5th October 2018 - 30th September 2019
The Corner Gallery houses regular displays of archival material and artwork which celebrate founding members and artists related to the Society. The current exhibition features original works by Wilhelmina Barns-Graham and Breon O’Casey.
‘I am an abstract painter closer, in my work,to the older deﬁnition of a still-life painter than a landscape painter. A painter, that is,who works best in the conﬁnes of his studio, and sees the world through a collection of pots and pans, apples and oranges (or circles,triangles and squares) rather than the ﬁelds,trees and skies. ’
Breon O’Casey was born in London, the son of Sean O’Casey, a playwright, and Eileen Reynolds, an actress. The family moved from London to Totnes in 1937 so that the children could attend Dartington Hall, a newly established progressive school.
‘It was at Dartington school that I learnt to saw and hammer,to think with my hands as well as my head. ’
Breon came to St Ives in the late 1950s, ﬁrst moving into a studio at Piazza and from there to No. 3 Porthmeor Studios. During those early years, as well as painting, he worked as an assistant to Denis Mitchell and Barbara Hepworth. He also started to make jewellery (he was taught metalwork at school by Naum Slutzky), and formed a partnership with Bryan Illsley.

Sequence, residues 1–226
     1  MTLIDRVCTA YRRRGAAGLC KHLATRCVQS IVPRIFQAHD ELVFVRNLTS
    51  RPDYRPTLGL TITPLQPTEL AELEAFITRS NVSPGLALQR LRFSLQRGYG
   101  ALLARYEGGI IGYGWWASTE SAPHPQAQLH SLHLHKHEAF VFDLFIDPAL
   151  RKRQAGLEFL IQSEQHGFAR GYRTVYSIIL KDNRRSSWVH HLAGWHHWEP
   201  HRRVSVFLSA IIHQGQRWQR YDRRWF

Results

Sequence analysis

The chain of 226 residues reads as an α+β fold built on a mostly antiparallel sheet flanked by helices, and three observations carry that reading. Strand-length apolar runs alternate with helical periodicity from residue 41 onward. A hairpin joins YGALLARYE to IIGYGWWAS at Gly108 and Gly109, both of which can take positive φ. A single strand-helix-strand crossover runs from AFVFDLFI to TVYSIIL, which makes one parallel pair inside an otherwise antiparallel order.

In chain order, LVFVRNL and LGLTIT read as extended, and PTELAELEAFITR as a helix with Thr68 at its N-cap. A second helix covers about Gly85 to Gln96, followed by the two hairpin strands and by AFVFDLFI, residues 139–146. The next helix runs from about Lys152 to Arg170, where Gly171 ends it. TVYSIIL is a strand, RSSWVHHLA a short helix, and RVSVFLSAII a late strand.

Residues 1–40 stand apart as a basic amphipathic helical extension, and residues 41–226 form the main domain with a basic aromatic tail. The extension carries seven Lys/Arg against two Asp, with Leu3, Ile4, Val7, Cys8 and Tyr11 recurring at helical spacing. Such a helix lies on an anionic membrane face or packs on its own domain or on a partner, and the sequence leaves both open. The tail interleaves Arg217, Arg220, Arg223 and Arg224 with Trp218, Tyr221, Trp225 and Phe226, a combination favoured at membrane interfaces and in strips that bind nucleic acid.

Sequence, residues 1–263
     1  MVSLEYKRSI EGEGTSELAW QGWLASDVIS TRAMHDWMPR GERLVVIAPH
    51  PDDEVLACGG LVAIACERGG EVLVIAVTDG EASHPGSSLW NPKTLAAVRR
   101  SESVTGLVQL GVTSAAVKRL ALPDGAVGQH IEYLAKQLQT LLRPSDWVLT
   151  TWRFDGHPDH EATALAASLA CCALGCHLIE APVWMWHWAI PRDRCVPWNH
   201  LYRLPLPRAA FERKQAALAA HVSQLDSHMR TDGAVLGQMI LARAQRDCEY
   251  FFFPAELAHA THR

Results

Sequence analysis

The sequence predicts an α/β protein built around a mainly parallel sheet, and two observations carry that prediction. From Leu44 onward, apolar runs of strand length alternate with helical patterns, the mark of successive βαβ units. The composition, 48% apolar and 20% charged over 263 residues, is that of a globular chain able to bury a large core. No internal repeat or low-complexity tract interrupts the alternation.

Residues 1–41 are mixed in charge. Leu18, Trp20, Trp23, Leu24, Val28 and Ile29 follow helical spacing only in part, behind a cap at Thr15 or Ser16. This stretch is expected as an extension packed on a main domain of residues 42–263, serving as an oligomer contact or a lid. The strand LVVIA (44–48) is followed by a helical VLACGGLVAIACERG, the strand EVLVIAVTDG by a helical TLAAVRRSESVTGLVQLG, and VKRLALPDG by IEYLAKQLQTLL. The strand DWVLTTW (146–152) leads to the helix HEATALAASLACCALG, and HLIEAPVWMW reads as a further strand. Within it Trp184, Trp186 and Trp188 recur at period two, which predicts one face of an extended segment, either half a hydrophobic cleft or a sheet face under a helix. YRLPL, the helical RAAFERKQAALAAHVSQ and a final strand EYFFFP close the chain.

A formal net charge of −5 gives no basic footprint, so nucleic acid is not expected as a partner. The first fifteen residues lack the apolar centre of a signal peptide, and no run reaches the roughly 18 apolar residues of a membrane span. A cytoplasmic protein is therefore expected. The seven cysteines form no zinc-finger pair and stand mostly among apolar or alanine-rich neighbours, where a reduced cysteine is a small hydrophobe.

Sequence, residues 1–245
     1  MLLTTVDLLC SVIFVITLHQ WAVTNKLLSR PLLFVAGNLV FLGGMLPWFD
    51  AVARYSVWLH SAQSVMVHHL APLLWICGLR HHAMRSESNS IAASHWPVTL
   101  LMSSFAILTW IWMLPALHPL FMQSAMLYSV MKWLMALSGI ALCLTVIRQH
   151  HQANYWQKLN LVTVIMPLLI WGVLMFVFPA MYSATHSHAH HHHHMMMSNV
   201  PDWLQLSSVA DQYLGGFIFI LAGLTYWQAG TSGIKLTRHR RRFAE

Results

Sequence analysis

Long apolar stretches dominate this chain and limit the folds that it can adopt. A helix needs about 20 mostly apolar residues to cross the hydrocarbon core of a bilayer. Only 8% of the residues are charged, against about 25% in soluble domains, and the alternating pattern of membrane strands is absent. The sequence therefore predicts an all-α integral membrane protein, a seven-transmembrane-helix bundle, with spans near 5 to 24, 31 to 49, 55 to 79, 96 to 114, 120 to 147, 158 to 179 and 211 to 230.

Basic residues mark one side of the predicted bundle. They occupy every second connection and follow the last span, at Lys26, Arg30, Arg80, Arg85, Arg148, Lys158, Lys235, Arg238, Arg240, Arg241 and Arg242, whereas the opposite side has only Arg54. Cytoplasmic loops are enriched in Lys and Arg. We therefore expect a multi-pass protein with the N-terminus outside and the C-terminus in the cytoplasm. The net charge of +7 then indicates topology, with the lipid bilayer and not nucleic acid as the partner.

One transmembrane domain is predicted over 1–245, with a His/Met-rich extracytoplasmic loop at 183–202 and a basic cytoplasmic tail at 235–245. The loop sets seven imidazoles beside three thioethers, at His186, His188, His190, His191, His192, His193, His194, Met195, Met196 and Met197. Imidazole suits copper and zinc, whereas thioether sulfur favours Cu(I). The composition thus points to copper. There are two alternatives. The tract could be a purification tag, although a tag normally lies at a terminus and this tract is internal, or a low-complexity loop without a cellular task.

Throughout Breon’s time in St Ives, nearly twenty years, he played a very active role at the Penwith Society of Arts. He was vice chairman for more than ten years and was involved in setting up the print workshop and obtaining funds for the new extension.
Just before leaving St Ives Breon had started to weave on upright looms. He regarded the looms as a rough equivalent to a picture frame, and worked on the design accordingly. Sculpture came to Breon later in life. His sculpture evolved from making silver animal brooches.He then started to use wax as a material to make ﬁgures which were cast in bronze. And these grew in size!
Breon’s work has been shown in galleries all around the world, and is included in many public collections